August 24, 2017 - 2:28pm EST by
2017 2018
Price: 18.45 EPS $1.00 $.90
Shares Out. (in M): 17 P/E 18x 19x
Market Cap (in $M): 309 P/FCF 14x 14x
Net Debt (in $M): 75 EBIT 0 0
TEV ($): 384 TEV/EBIT 16x 15x

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The investment thesis for Acadian is based on the following points:

  1. Acadian Timber is an attractive absolute value offering an estimated 7% FCF yield, approximate 6% dividend yield, while trading at a low implied value of $358/acre.  Timber REITs Potlach, Rayonier, and Weyerhaeuser all currently offer dividend yields between 3.4% and 3.9%.  While theoretically attractive, none of these companies actually cover their dividend through the generation of free cash through timber harvests.  These comparables cover their dividends through a) borrowing, b) issuing stock, c) selling acreage – i.e. liquidating, or d) through the aid of their wood products or other taxable subsidiary.  Most companies use a combination.  In contrast to these companies, Acadian offers an approximate 6% dividend, which is well covered through the sale of actual fiber – sawlogs, pulpwood, and biomass.  Acadian’s EV/acre is $358/acre.  To be clear – this is effectively close to the private market values of Maine and New Brunswick real estate.  My calculated NAV is $20.47.  That noted in a world where Southern timberland trades at $1,800-2,000/acre, Western timberland often tops $4,000/acre, and NYC townhomes sell for $80MM - $358 per acre is a low absolute price.  Certainly, timber grows slower in the North but current harvest levels for ADN are sustainable.  The bottom line is that at the current price the company pays investors a well-covered 6% yield.  The components of timberland returns are cash yield, real growth in per-acre pricing, real growth in product pricing, and biological growth.  Beginning with very reasonable per-acre values and an attractive cash yield points to a situation where long-term holders of Acadian are likely to generate double-digit total returns over a long time period, consistent with historical timberland investment returns.  

  1. Timber is a unique and attractive asset class. Historically the asset class has offered equity-like returns with lower volatility, a positive correlation to inflation, and good historical performance during equity bear markets.  Timber is a renewable resource and a carbon consumer.  Timberland requires effectively no capital and EBITDA margins are high.  While end markets are cyclical, owners always have the option of deferring harvests and seeing the value of their merchantable inventory grow “on the stump.”  GMO notes the following regarding timber:

Every year the world consumes more than 1.6 billion cubic meters of wood for industrial uses, including paper and board as well as solid wood (construction, furniture) – an amount equal to the consumption of cement, steel, plastic, and aluminum combined.  Wood products are energy-efficient, since the processing of wood products consumes only a fraction of the energy required to manufacture these other materials.  Additionally through repeated cycles of growth wood is a net absorber of atmospheric carbon. The supply of accessible natural timber has not kept pace with demand over the past few centuries.  Natural forests within economic transportation distance of timber markets have been cut much faster than they can grow, and in the meantime, the the rate of land conversion from timber to other uses (primarily pastureland, but also farms and buildings), has accelerated.  The supply of wood from natural forests has been substantially replaced by harvest from plantation forests, especially for commodity softwood products that create the bulk of the timber market. In order to match rising demand with supply from these capital intensive plantations, the real price of wood has had to rise.”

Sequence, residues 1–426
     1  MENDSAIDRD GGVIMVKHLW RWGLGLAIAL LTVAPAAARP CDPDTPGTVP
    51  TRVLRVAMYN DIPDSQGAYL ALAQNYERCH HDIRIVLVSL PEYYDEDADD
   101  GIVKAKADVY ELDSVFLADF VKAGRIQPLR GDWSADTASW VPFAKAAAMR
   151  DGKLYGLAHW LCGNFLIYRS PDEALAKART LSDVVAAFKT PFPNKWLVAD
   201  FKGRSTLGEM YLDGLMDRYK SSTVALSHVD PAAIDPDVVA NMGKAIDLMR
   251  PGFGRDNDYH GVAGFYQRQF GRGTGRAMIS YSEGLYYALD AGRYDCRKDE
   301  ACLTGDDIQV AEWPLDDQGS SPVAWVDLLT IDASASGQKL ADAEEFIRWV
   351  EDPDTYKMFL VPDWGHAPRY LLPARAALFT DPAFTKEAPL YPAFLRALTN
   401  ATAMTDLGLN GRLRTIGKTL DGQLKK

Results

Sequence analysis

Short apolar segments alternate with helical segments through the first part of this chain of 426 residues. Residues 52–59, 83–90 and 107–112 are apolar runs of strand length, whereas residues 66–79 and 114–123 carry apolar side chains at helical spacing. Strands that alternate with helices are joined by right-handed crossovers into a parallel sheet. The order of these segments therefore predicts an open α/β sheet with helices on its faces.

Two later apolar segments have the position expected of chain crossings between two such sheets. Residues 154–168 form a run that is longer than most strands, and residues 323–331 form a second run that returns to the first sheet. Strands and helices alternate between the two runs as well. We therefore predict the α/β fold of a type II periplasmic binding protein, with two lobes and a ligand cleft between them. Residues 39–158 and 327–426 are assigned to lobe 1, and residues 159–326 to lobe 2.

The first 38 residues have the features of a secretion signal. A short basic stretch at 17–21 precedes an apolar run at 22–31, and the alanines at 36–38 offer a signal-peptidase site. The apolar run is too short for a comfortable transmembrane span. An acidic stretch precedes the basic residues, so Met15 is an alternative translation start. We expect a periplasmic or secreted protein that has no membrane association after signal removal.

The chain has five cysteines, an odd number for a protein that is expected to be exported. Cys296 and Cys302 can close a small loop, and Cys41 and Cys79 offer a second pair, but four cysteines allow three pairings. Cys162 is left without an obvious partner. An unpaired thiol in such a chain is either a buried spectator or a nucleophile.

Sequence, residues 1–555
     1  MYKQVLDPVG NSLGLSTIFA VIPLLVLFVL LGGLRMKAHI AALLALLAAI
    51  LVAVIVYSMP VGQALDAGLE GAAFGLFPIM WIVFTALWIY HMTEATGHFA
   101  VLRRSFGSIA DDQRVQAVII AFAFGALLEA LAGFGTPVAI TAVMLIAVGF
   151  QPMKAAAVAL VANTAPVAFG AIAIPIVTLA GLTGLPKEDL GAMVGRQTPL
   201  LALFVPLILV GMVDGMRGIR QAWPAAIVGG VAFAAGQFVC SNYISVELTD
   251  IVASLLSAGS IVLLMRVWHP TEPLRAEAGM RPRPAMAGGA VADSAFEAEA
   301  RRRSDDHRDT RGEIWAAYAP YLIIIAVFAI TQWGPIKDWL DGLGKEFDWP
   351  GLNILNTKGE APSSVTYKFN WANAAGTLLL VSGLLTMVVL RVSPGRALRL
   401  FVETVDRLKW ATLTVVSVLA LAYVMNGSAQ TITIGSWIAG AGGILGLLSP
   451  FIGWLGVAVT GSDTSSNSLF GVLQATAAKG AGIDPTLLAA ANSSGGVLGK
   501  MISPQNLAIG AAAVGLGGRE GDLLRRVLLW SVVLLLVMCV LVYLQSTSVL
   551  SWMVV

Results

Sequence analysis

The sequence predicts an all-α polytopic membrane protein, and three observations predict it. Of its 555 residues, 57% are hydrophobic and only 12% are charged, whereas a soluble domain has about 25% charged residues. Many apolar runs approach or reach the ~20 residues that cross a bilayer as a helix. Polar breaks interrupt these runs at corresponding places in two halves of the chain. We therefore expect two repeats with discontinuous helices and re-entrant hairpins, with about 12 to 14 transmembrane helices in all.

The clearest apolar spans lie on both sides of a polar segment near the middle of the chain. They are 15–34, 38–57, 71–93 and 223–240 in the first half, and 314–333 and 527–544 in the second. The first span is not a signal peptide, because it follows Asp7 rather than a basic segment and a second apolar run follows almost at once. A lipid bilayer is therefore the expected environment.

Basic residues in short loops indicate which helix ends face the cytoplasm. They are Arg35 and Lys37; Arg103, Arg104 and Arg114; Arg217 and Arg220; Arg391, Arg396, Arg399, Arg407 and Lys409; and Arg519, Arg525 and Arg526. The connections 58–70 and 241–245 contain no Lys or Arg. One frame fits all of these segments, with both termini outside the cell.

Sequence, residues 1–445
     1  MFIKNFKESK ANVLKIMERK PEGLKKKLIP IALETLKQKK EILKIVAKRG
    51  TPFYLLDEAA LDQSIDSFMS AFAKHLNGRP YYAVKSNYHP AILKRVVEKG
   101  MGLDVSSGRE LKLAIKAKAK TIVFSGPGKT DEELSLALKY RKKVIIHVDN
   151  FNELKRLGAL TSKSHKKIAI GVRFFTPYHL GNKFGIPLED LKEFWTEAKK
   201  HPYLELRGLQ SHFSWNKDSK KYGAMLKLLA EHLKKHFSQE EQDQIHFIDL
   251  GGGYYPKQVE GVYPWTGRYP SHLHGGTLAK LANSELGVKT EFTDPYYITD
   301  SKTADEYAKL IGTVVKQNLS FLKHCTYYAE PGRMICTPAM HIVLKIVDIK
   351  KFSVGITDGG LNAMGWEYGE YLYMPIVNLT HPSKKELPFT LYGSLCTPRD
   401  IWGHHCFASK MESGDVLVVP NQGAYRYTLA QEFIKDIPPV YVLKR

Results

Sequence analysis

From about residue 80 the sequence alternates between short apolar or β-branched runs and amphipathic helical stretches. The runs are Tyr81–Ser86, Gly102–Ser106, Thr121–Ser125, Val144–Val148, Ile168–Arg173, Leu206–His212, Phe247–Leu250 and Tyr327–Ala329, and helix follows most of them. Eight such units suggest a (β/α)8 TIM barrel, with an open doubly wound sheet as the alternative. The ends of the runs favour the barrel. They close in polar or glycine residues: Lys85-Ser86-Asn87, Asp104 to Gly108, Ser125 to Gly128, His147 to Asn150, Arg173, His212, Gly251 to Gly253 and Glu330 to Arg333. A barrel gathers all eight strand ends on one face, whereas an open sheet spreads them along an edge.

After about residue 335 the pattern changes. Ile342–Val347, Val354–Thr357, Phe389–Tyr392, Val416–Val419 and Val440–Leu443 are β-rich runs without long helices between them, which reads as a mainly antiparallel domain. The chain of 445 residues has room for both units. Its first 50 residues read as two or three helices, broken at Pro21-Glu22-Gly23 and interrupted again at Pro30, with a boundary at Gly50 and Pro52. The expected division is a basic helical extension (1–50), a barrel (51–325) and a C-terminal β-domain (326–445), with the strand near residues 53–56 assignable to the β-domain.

Source: GMO

Source: GMO

  1. Acadian is a well-managed company with a history of value creation.  While I do not generally support third-party managements, ADN has historically been well managed.  Brookfield has managed the timber in a sustainable manner and has been able to increase dividends over time.  Their compensation is not egregious.  Brookfield is paid a base fee of $2MM and a performance fee of 15% of the amount by which annual dividends exceed $.9075 multiplied by the number of common shares.  In 2016, the company undertook a strategic review of which nothing occurred.  Over the last decade, the shares have generated a total return of 12% annually, far above both the U.S. and Canadian indices.  

    A conservative near-term target for Acadian is $24.44 or an implied 4.5% dividend yield.  This would still be a more attractive (and covered) yield relative to timber REIT comps.  On a total return basis, this equates to 38%.  I believe that Acadian is a “buy and forget” security.




There are multiple risks to an investment in Acadian:

  • The core business has some cyclicality and is influenced by fundamentals in the lumber, paper and pulp industries.  For reference, EBITDA fell from $18.3MM in 2007 to $12.1MM at the trough in 2009 before rebounding in 2010.  While the company continued to generate FCF, in 2010 Acadian temporarily cut their dividend to 10 cents per share before moving back to $.82 in 2011.  
  • The U.S. Department of Commerce has placed initial duties of between 17% and 31% on Canadian lumber imports.  American lumber producers are seeking a “quota deal” that will limit Canadian imports.  In the past duties have been pulled for producers in Eastern Canada but it is unknown what the impact could be.  I do not believe this will permanently affect the market for Acadian’s sawlogs.  


Below is a brief summary of the operations, financials, and management of Acadian Timber: